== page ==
Some villagers have escaped the violence in canoes
Villagers fleeing violence in Nigeria's oil-rich western Niger Delta say dozens of people have been killed in clashes between soldiers and rival gangs of ethnic militants.
Fighting between two local communities, the Ijaw and Itsekiri, has been raging for more than a week, drawing in thousands of soldiers.
The refugees described soldiers and militants burning down dozens of villages and firing indiscriminately.
The violence prompted the US oil company, Chevron Texaco, to suspend operations in the region on Thursday - slashing output levels in Africa's biggest producer by 13%.
Some reports said the Anglo-Dutch company Shell had also confirmed it would not be able to meet its contractual obligations on Friday.
Refugees from both communities, retreating from the swampy region south of the town of Warri, told of scores of deaths.
Ruth Tinghala described soldiers firing "horizontally" and torching homes and shops.
"I saw many [people] fall," she told news agency AP.
"I didn't stay to see if they were dead or alive."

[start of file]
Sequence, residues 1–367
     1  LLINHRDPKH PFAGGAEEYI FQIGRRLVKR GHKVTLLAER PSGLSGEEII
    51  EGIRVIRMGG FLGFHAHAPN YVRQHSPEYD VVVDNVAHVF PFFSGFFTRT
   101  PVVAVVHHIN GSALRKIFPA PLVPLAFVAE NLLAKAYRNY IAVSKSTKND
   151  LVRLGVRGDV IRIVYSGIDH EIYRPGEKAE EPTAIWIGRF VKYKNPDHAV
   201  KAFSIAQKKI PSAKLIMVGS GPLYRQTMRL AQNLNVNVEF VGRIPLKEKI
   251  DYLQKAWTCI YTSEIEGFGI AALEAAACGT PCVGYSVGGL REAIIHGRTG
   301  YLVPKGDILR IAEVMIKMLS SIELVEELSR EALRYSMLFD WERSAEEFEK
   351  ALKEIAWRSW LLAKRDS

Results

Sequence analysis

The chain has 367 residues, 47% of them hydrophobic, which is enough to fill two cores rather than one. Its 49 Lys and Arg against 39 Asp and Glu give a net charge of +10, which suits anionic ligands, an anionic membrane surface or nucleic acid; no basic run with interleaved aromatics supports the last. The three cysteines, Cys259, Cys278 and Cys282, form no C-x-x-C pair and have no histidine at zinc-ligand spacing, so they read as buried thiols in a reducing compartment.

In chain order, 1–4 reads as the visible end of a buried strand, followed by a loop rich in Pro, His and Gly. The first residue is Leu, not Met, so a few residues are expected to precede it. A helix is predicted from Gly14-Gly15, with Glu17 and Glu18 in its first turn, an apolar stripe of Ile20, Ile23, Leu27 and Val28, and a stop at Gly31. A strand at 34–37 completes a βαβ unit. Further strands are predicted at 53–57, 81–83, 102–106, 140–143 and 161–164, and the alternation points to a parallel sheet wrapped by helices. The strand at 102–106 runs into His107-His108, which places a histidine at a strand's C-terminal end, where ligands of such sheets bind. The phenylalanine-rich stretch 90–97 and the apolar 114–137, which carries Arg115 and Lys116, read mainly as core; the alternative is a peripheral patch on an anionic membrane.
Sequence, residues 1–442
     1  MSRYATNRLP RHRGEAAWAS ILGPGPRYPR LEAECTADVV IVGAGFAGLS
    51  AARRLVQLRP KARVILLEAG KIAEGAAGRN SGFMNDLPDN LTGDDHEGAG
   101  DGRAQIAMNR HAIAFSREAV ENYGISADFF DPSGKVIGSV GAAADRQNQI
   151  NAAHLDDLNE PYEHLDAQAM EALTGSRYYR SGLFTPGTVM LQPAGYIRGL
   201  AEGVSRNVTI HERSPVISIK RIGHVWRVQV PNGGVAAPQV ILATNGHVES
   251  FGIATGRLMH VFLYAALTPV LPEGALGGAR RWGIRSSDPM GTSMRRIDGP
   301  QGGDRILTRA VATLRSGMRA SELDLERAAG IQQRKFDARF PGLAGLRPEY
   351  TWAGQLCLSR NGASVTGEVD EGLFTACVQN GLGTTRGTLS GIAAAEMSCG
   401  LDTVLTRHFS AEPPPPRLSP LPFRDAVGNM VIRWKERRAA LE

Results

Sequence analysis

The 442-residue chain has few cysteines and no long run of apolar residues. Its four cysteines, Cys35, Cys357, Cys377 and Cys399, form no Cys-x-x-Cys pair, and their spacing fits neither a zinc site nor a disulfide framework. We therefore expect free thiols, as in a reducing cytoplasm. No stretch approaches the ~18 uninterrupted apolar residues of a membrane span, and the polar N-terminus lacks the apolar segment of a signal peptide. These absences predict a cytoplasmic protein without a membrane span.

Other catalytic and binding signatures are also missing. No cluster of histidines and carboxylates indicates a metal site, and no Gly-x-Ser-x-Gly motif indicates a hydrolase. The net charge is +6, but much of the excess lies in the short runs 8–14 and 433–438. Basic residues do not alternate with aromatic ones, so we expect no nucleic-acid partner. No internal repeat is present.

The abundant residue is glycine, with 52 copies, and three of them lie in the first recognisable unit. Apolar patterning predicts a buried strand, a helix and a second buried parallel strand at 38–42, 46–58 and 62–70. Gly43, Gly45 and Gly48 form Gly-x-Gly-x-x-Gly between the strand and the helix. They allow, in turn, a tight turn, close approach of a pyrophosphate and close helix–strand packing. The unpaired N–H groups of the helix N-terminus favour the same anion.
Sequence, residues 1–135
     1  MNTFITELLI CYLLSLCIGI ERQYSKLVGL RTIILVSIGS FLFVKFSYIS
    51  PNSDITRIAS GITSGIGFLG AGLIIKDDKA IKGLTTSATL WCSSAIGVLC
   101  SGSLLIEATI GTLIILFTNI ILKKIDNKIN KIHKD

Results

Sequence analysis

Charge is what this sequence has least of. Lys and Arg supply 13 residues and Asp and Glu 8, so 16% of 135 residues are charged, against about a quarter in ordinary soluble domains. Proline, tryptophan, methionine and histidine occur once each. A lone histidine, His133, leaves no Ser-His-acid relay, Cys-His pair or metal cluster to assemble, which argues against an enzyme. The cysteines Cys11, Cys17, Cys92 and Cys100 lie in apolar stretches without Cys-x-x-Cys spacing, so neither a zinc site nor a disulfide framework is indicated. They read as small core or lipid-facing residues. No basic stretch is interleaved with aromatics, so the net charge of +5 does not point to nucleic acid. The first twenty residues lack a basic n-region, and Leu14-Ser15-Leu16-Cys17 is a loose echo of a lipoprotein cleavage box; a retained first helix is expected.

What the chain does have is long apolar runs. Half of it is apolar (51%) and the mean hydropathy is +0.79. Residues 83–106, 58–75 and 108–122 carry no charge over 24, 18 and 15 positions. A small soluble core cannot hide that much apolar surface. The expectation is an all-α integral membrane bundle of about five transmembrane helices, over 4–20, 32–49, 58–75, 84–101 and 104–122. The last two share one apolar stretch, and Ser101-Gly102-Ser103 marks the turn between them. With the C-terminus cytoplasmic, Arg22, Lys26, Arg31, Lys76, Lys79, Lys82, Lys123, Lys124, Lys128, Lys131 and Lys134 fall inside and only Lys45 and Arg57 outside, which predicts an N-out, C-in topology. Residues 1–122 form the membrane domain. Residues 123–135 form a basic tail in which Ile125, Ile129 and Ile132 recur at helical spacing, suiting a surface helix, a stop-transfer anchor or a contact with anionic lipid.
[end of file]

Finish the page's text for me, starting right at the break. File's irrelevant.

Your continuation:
Ijaw leaders and refugees say 50 fighters were killed in battles with navy and army forces in the village of Okorenkoro on Thursday alone.
They say a state of siege has been imposed on the Ijaw community, with navy gunboats and troops imposing a 24-hour blockade on the creeks around their villages, according to the AFP news agency.
Military officials have previously denied attacking civilians, and stressed they used minimum force when possible.
Ten government troops are said to have been killed.
On Thursday, Chevron Texaco evacuated hundreds of villagers by air from areas affected by the violence.
On Wednesday, President Olusegun Obasanjo issued a strong warning that the current high level of violence in the country was posing a threat to the success of next month's elections.
The Ijaw are demanding more political representation and compensation from oil companies operating in the area. They say the oil industry has polluted their fishing communities.
A militant Ijaw leader has said that protests against the Itsekiri and the oil companies will continue until the government addresses the issue.
Our correspondent Dan Isaacs says that this is extremely unlikely ahead of the elections and he says it is difficult to see how an effective poll can take place in this part of the southern Delta under the present circumstances.
He adds that even if the unrest subsides, many hundreds, perhaps thousands of people have been displaced and election officials will be extremely wary about operating in such an unstable region.